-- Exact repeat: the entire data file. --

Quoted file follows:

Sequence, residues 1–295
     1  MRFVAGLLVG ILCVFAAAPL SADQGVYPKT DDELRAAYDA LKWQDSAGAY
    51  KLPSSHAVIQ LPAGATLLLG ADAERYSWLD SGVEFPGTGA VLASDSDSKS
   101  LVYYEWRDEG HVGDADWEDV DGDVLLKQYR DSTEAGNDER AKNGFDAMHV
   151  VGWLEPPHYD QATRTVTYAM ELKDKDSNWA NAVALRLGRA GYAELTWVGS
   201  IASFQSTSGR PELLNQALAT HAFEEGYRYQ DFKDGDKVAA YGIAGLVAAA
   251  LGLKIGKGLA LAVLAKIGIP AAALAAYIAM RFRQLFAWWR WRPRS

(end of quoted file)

Sequence, residues 1–295
     1  MRFVAGLLVG ILCVFAAAPL SADQGVYPKT DDELRAAYDA LKWQDSAGAY
    51  KLPSSHAVIQ LPAGATLLLG ADAERYSWLD SGVEFPGTGA VLASDSDSKS
   101  LVYYEWRDEG HVGDADWEDV DGDVLLKQYR DSTEAGNDER AKNGFDAMHV
   151  VGWLEPPHYD QATRTVTYAM ELKDKDSNWA NAVALRLGRA GYAELTWVGS
   201  IASFQSTSGR PELLNQALAT HAFEEGYRYQ DFKDGDKVAA YGIAGLVAAA
   251  LGLKIGKGLA LAVLAKIGIP AAALAAYIAM RFRQLFAWWR WRPRS